Mesopelagic Southern Ocean Prey and Predators (MESOPP) is a cooperation project funded under the European H2020-INT-INCO-2015 programme (Enhancing and focusing research and innovation cooperation with the Union’s key international partner countries) between Europe and Australia .

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The underlying concept of MESOPP is the creation of a collaborative network and associated e-infrastructure  (marine ecosystem information system) between European and Australian research teams/institutes sharing similar interests in the Southern Ocean and Antarctica, its marine ecosystem functioning and the rapid changes occurring with the climate warming and the exploitation of marine resources.

MESOPP will focus on the enhancement of collaborations by eliminating various obstacles in establishing a common methodology and a connected network of databases of acoustic data for the estimation of micronekton biomass and validation of models. It will also contribute to a better predictive understanding of the Southern Ocean based on furthering the knowledge base on key functional groups of micronekton and processes which determine ecosystem dynamics, including carbon cycle and distributions of large oceanic predators. it is expected that this project and associated implementation (science network and specification of an infrastructure) could constitute the nucleus of a larger international programme of acoustic monitoring and micronekton modelling to be integrated in the general framework of ocean observation following a roadmap that will be prepared during the project.

The Southern Ocean (here defined as the ocean south of 40°S) is a critically important part of the Earth system. It is one of the world’s most productive marine ecosystems and a key component of the global carbon cycle, providing a large sink for both heat and anthropogenic carbon dioxide.  Oceanic measurements and modelling indicate that about one third of the global oceanic CO2 sink is located in the Southern Ocean, mainly in the subpolar region. The atmospheric CO2 penetrating water from the surface is used by phytoplankton through the photosynthesis, and the carbon is exported in the food web or the deep ocean.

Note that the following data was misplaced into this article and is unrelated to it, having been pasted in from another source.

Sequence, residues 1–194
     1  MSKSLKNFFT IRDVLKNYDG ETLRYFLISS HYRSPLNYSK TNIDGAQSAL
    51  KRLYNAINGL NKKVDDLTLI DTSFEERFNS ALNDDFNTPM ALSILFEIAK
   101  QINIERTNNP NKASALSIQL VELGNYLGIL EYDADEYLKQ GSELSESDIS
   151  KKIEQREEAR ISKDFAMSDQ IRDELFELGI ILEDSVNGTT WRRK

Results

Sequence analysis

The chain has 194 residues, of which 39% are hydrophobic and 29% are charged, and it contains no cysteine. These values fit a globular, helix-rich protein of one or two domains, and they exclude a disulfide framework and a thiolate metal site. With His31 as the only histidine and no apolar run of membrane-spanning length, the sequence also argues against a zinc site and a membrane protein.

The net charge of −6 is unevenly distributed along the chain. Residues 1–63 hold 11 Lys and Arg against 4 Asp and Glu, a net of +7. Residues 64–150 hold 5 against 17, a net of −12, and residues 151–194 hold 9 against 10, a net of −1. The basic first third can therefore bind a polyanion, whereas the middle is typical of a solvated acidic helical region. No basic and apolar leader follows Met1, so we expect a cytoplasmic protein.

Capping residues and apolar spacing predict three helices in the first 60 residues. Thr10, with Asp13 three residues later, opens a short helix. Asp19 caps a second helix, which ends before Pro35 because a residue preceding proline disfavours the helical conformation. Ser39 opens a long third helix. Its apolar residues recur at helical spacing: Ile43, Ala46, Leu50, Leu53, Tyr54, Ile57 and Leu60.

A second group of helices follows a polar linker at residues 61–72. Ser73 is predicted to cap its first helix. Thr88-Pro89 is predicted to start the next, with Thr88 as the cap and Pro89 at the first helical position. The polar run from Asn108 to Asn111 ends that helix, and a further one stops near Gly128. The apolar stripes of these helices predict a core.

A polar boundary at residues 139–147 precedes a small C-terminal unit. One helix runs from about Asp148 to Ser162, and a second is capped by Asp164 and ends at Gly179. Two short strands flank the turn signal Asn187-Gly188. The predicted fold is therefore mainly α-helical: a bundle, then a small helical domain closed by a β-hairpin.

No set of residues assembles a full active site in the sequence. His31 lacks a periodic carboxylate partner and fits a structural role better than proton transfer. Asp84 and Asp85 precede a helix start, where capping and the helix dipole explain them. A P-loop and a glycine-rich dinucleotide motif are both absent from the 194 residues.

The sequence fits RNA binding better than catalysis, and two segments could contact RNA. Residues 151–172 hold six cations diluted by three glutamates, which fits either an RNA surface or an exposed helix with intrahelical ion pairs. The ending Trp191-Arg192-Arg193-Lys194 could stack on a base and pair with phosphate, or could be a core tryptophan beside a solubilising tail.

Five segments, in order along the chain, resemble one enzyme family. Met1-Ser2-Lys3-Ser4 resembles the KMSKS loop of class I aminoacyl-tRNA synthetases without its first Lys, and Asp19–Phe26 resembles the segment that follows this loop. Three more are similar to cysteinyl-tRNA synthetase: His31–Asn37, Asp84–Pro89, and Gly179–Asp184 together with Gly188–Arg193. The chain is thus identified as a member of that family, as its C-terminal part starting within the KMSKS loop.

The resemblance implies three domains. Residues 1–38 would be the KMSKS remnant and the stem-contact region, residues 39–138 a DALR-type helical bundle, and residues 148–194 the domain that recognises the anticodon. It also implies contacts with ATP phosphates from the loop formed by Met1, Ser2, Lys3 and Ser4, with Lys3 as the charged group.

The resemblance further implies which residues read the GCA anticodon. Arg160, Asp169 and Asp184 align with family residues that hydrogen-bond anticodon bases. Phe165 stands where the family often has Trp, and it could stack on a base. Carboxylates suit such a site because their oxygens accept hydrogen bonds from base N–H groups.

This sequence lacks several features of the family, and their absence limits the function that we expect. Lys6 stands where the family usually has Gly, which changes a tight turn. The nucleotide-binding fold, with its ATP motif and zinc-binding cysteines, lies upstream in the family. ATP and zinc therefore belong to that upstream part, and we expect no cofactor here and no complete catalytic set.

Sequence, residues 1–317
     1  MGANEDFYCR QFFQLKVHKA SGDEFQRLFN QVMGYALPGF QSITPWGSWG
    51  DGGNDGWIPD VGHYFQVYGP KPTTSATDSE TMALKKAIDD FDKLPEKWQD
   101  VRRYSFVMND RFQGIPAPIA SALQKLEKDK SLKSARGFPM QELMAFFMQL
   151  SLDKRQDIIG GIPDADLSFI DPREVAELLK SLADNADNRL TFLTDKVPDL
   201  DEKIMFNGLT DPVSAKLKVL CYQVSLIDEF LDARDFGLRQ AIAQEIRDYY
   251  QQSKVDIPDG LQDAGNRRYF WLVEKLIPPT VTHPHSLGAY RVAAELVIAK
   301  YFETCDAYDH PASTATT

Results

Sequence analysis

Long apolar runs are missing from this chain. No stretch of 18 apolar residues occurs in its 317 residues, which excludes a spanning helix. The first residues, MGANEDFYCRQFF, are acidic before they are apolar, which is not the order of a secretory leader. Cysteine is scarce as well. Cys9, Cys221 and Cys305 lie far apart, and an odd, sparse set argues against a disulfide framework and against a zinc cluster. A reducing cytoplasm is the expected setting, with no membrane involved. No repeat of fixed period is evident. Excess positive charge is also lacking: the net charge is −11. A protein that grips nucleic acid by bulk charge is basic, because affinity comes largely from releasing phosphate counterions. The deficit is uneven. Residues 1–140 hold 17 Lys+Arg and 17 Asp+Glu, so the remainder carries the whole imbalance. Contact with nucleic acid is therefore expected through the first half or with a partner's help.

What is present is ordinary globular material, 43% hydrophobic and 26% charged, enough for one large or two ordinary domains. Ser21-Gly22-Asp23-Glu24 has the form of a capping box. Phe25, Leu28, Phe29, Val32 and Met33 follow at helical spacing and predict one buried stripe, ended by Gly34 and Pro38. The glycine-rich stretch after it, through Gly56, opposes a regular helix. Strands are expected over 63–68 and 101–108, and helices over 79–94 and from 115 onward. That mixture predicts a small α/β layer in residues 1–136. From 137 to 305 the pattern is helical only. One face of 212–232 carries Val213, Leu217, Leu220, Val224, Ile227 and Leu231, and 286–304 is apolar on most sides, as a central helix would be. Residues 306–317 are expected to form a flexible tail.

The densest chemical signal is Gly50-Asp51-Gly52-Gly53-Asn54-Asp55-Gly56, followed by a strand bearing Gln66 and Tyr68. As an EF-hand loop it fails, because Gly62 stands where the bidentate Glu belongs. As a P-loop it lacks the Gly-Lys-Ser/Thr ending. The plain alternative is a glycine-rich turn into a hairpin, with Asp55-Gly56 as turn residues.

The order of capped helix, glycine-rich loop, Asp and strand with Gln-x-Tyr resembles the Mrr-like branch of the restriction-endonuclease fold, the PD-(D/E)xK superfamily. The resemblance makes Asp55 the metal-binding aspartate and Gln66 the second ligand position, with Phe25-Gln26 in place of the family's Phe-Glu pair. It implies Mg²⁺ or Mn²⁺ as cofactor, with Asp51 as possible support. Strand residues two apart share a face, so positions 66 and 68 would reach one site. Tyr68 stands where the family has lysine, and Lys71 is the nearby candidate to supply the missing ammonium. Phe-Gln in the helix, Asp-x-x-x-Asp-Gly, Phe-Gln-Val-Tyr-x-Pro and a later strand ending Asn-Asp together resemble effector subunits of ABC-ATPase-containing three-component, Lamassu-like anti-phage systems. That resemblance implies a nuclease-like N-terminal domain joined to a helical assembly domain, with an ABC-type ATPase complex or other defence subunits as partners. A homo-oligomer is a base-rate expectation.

About 70% of the CO2 concentration difference over the top 1000 m of the ocean is maintained by biological processes, known as the “biological pump”.  Quantifying the biological pump is a prerequisite for developing accurate global carbon models and reliable impacts of climate change on ocean ecosystems.  The mechanism goes through the knowledge on both active and passive (sinking) components.  Active transport is due to vertical movements of animals, from zooplankton to mesopelagic micronekton organisms migrating daily, or seasonally, between the surface layer and the deep ocean.

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Apart from changes in climate and environment, marine ecosystems are also facing increasing pressure from marine resource exploitation. After whales in the past and krill exploitation nowadays, exploitation of mesopelagic fishes resources in the Southern Ocean and more generally in the global ocean raised interest, being presented as a potential for “blue growth”. However, without a good knowledge of the dynamics and biomass of these species and the understanding of their role in the ecosystem to support the large diversity of predator species, the development of such exploitation could have dramatic impacts on the whole ecosystem. There is still a large research and monitoring effort required to estimate this marine biomass and its dynamics, and including these results in marine ecosystem models. A priority is also to develop routine in situ observations and monitoring of the world marine biomass to estimate dynamics and change in marine ecosystems.